Thanks Kim!
    Well, I’ve had barbecued tuna fish in Australia when visiting more than 10 years ago and that was great!

  19. Renny, the array of food displayed is making me salivate on my keyboard :P
    I can’t help noticing how big the egg yolk is!!!
    I’ve got a family that loves salmon and wouldn’t mind having it every other day :)

    Glad you liked it too then :P
    Egg is good for milden the distinct fermented taste.
    Another fish family – great :)

  20. I havent tried rakfisk but I did try lutefisk during Christmas and I think it was really gross so I concentrated on eating the svineribbe instead. But the rakfisk looks nice!

    I think you’ve already been digging in quite well to the traditional Norwegian food then Chase – so next time rakfisk then!

  21. Wow Renny! The food is ‘screaming’ for me to reach out for them :) I can’t help but notice that the egg yolks are big as compared to ours here….once we slice them, the yolk is much smaller :D

    Glad I could ‘touch’ you with the food :)
    About the egg yolk: You should see the size of Norwegian chicken :D

  22. You always make me want to become a Norwegian, Renny, when I read your posts like this!!! :)

    Nice of you to say so Ginni – remember you don’t need to become one to visit us again :)

  23. Oh my. I love, love, love (emph on love) this post. This is sooo my kind of food/drink. I’m on my way over, k?

    You stop by my place too. I have a thank you – if you’ll have it :)

    Have a grand day, sir. *hugs*

    Loving you, loving food – your of course welcome over any time!
    Thanks for your lovely award too – I’ve collected it on my Award page!
    Wishing you a good one too – hubs back!

  24. Interesting food I might say. :D

    hey thanks for commenting on my blog on Big Bang post. I’m from #643 and #360. take care

    Thanks – happy to share it with you too :D
    Great to welcome new readers and thanks for joining the Big Bang list!

  25. Namaste’; Renny though I cant say I am appetized by this. Your presentation was wonderful and I enjoy learning about what people do tradition wise. This was a beautiful presentation and I do know many whom would salivate! hahaha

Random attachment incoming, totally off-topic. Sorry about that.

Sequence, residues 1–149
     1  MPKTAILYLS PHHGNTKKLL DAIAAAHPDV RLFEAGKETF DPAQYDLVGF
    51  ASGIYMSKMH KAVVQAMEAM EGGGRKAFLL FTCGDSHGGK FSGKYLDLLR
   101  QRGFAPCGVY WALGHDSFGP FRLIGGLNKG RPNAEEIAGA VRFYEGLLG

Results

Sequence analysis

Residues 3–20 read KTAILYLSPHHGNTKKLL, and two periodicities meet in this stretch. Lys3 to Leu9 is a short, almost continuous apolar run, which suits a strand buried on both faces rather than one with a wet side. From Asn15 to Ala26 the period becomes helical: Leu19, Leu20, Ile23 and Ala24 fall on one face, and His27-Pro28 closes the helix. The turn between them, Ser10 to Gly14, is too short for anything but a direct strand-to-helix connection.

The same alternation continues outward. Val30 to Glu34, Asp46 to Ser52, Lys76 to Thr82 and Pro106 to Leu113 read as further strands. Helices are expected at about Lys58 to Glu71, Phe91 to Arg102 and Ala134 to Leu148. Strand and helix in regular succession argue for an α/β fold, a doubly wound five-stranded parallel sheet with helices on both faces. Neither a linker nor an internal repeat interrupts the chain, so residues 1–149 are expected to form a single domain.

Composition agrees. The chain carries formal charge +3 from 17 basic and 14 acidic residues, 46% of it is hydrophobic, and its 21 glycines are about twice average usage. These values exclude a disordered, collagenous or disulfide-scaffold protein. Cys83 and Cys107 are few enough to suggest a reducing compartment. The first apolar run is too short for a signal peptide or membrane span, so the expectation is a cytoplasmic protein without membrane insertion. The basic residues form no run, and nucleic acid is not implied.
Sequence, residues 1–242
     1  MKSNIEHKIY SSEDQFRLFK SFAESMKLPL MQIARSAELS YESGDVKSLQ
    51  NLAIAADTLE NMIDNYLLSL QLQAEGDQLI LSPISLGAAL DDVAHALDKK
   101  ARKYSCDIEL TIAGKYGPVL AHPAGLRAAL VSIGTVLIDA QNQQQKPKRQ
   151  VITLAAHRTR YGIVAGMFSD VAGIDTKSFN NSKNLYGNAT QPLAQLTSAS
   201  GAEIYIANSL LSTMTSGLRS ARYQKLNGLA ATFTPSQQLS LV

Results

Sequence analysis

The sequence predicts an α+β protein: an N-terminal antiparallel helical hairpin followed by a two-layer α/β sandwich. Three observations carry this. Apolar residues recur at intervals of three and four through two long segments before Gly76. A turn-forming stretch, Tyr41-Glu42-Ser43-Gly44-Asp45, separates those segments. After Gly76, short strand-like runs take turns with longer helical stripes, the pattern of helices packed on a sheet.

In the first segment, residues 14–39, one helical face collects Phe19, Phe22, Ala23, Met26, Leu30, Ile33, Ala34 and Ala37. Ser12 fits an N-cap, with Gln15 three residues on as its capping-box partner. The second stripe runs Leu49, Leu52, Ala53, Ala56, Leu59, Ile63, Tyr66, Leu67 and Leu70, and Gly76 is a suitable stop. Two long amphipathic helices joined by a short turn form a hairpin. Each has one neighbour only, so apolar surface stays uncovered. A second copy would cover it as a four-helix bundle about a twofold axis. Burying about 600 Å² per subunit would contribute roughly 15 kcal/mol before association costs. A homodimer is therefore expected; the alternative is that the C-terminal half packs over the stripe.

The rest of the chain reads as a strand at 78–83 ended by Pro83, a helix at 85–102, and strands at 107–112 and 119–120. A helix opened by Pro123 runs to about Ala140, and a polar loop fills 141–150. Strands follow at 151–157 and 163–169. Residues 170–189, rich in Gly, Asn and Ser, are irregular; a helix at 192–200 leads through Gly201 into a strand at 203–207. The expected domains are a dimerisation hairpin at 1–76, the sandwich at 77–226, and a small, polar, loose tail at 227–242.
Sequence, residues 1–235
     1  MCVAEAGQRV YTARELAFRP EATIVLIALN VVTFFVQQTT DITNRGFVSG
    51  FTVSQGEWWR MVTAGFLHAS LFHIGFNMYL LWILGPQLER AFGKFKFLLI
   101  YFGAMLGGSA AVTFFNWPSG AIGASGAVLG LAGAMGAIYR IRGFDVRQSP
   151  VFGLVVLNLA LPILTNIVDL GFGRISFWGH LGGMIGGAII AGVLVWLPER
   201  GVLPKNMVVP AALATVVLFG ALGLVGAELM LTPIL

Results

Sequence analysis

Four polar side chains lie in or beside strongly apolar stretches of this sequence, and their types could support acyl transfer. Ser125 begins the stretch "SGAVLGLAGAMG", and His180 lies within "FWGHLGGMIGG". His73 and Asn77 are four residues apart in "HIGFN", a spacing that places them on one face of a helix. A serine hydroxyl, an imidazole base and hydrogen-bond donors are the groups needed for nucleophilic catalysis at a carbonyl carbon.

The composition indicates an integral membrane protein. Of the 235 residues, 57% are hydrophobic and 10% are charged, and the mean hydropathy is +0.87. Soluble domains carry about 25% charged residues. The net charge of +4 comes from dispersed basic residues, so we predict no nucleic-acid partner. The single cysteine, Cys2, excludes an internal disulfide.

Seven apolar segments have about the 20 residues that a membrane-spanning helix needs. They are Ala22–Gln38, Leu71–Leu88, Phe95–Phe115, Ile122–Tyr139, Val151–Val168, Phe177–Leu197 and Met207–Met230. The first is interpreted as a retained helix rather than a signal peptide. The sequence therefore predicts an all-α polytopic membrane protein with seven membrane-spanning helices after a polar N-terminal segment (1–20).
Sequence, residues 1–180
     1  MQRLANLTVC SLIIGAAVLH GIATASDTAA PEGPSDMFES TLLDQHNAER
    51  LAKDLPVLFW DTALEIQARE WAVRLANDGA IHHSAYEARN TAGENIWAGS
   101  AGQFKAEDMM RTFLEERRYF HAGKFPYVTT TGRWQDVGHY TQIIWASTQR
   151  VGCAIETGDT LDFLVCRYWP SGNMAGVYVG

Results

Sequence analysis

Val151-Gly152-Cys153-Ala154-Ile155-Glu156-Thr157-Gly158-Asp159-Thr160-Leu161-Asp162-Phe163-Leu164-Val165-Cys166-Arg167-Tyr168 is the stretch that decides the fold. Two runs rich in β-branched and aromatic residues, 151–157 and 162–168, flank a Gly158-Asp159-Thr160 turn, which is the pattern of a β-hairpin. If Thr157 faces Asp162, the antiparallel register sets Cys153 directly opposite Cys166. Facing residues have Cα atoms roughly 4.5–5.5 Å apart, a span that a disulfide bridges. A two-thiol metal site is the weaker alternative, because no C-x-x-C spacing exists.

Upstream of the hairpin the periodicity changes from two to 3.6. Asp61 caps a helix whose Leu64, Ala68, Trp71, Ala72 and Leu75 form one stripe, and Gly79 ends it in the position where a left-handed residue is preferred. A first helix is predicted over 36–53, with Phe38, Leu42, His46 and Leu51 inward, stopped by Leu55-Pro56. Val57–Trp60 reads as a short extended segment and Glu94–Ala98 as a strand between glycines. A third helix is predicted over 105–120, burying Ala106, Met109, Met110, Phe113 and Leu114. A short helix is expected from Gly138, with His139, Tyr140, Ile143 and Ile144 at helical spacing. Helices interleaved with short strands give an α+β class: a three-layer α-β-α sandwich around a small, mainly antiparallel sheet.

Nice to see you Skylar and I do understand. You need some time to adjust to the special taste (took me more than 20 years:-)
    Thanks for your compliments though – I always want readers to learn something from my post!

  26. It has been awhile since I had raktfisk!!! My eyes feasted… LOL

    Lucky you live in Norway then as it is not easy to get Rakfisk other places in the world :-)

  27. Thank you for sharing. I had this before at a Norwegian festival. I haven’t visited the Norwegian area for a while. I love eating raw salmon.

    Your welcome – always great to share with new readers too and specially those who love see food. Tell me when you are coming back to Norway as I would love to meet you!

  28. This looks delicious Renny and one day I hope I will get the opportunity to eat Cloudberries. It is just a touch too hot for them to grow here in Australia.

    Glad you liked it Sue. You have to come and visit one day, so I can serve you some cloudberries!

  29. A simple looking meal but something I would choose over many five star menus in restaurants.

    Thanks, I take your word for it as I know you are a traveller and an expert Sidney.

  30. It ALL looks and sounds quite delicious, Renny…..The Almon Potatoes sound particularly yummy….! I love that this is a leisurely meal and that there is no rushing…And so much sharing with each other, too!
    The desert looks quite marvelous too…..! I very much enjoy ALL your pictures of foods that are traditional in your country!

    Thanks Naomi and yea, Almon Potatoes is a must.
    Yea, slow food dinner is recommendable – glad you liked the whole menu!

  31. Awesome site that you have here. I’ll be coming back regularly.

    I’m craving now to eat the delicious food in the pictures. You see, I love eating!!!
    :) :)

    Thanks for your compliments – always great to welcome new readers – welcome back any time!
    I can tell you love all good things in life :)

  32. Hi! Here in Brazil we eat the grilled salmon and hardly or never we eat Tubarão. Dom sea we also eat linguados, badejos or cherne and some small ones. Water abundant candy, fish, mainly tilápia and trouts! I liked its porcelain and the way as it presented plates.
    Debtor for the visit to mine blog! :)
    She always comes that to want!